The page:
People v. Oringer

Annotate this Case
[Crim. No. 7263. Second Dist., Div. One. June 12, 1961.]

THE PEOPLE, Respondent, v. HARRY BERNARD ORINGER, Appellant.

COUNSEL

Harry Bernard Oringer, in pro. per., for Appellant.

Stanley Mosk, Attorney General, and Elizabeth Miller, Deputy Attorney General, for Respondent. [193 Cal. App. 2d 20]

OPINION

WOOD, P. J.

Defendant was accused of grand theft in that he unlawfully took $600 which was the property of Joe Ann Hastings and Al Siegle Imports. In a nonjury trial he was convicted. He appeals from the judgment and sentence.

Appellant contends that the trial judge erred in denying his motion to set aside the information on the ground that he had been committed without probable cause. He also contends that the judge was biased and prejudiced against him, and he did not have a fair trial.

Defendant placed an advertisement in a newspaper wherein he offered employment to a girl chauffeur. On July 29, 1959, Mrs. Hastings answered the advertisement by telephone and then, pursuant to arrangements made by telephone, she went to defendant's alleged place of business in the Law Building in Los Angeles. Defendant told her that he wanted a chauffeur in connection with his bail bond business, that the salary would be $100 a week, and that the chauffeur was required to use her own car. He employed her. She owned a 1953 Jaguar car, but he told her that the car was too small for such work, since she would be transporting persons who were "on bail." She rented a larger car for $15 a week, and on Friday, August 7, 1959, she proceeded to perform her duties as chauffeur. Defendant told her that she was a good chauffeur and that she was hired permanently. Meanwhile she decided that she would buy another car.

On the following Monday, August 10, 1959, she drove her Jaguar car to "Al Siegle Imports" in South Gate and ascertained that Siegle would pay $600 for her car. The next day she told defendant that she had an offer of $600 for her car and she was going to sell it. He told her to "pick him up," and that he would have "another chauffeur" pick them up after she sold her car. Then she and defendant went, in her car, to Siegle's place of business and talked to Mr. Herman, the salesman with whom she had negotiated on Friday. She gave the "pink slip" (registered owner's certificate) to Herman, who checked the rear compartment of the car. He said that a spare tire and two curtains were missing. She said that she had left those things at her home. Then she and an employee of Siegle went, in the Jaguar car, to her home in Harbor City and obtained the tire and curtains. While they were away from the place of business (during a period of approximately forty-five minutes), defendant told Herman that he was a "bail bondsman" and that Mrs. Hastings owed money to defendant; that she owed the money because he had [193 Cal. App. 2d 21] "gone bail" for her on a drunk driving charge. Defendant asked Siegle to make the check for the Jaguar car payable to defendant. Defendant signed a bill of sale (for the car, as seller). (On the bill of sale, defendant wrote that his address was 351 South Witmer Street. That was not his address at that time--he had lived there previously. He testified that he wrote that address because it was the only address he could write--that there were only a few words which he could read or write.) Then, while Mrs. Hastings was absent, Siegle made the check for $600 payable to defendant and gave the check to defendant.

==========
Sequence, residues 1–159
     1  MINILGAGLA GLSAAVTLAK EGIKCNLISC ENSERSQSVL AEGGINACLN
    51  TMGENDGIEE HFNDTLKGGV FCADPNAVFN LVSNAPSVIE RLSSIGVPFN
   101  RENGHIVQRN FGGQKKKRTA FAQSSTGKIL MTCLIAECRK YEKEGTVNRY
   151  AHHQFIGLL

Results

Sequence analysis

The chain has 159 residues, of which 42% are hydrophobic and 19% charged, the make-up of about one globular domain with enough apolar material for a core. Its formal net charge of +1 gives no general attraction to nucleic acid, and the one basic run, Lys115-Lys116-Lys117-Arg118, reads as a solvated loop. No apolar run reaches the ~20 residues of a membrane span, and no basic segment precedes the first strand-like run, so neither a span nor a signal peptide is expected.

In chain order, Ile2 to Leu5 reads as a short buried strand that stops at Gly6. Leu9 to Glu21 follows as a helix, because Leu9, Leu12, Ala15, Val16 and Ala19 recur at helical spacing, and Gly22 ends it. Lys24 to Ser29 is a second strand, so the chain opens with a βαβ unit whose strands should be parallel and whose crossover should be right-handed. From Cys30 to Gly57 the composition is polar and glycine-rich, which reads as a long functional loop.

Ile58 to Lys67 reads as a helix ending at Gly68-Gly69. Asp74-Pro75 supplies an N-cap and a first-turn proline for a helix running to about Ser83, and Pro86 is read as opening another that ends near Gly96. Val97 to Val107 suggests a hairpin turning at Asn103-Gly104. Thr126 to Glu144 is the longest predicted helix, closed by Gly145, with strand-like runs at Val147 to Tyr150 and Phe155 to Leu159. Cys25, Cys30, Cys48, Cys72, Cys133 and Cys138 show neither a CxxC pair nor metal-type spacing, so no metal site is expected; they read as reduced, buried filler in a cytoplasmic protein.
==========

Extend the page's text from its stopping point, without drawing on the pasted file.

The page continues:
According to testimony of Siegle, he told Mrs. Hastings (after she returned from her home) that he had given the check to defendant who wanted the check in his name; and that she replied, "Okay."

According to testimony of Mrs. Hastings, she did not owe any money to defendant; she did not authorize defendant to receive the check or authorize Siegle or Herman to make the check payable to defendant; she did not make any statement to Siegle in response to information that defendant had the check.

When Mrs. Hastings returned to Siegle's place (from the trip to her home) another girl chauffeur of defendant, by the name of "Terry," who had come to Siegle's place, took defendant and Mrs. Hastings to a bank in Huntington Park. Defendant and Mrs. Hastings entered the bank, and defendant talked to a teller who said that it would take two days for the check to clear. Defendant retained the check, and they left the bank and entered Terry's car. Terry took them to a car "leasing" place in Hollywood "to see about leasing a car." When they arrived there about noon, the manager was not present. Defendant asked Mrs. Hastings to wait there. Then defendant went away and was gone about an hour and a half. During that time, the defendant returned to the bank in Huntington Park and endorsed and cashed the $600 check. The number of defendant's driving license was on the check. (The license had been issued about 10 years previously. He testified that he did not drive a car because he was nervous and he was not sure whether his driving license had been revoked about a year previously.)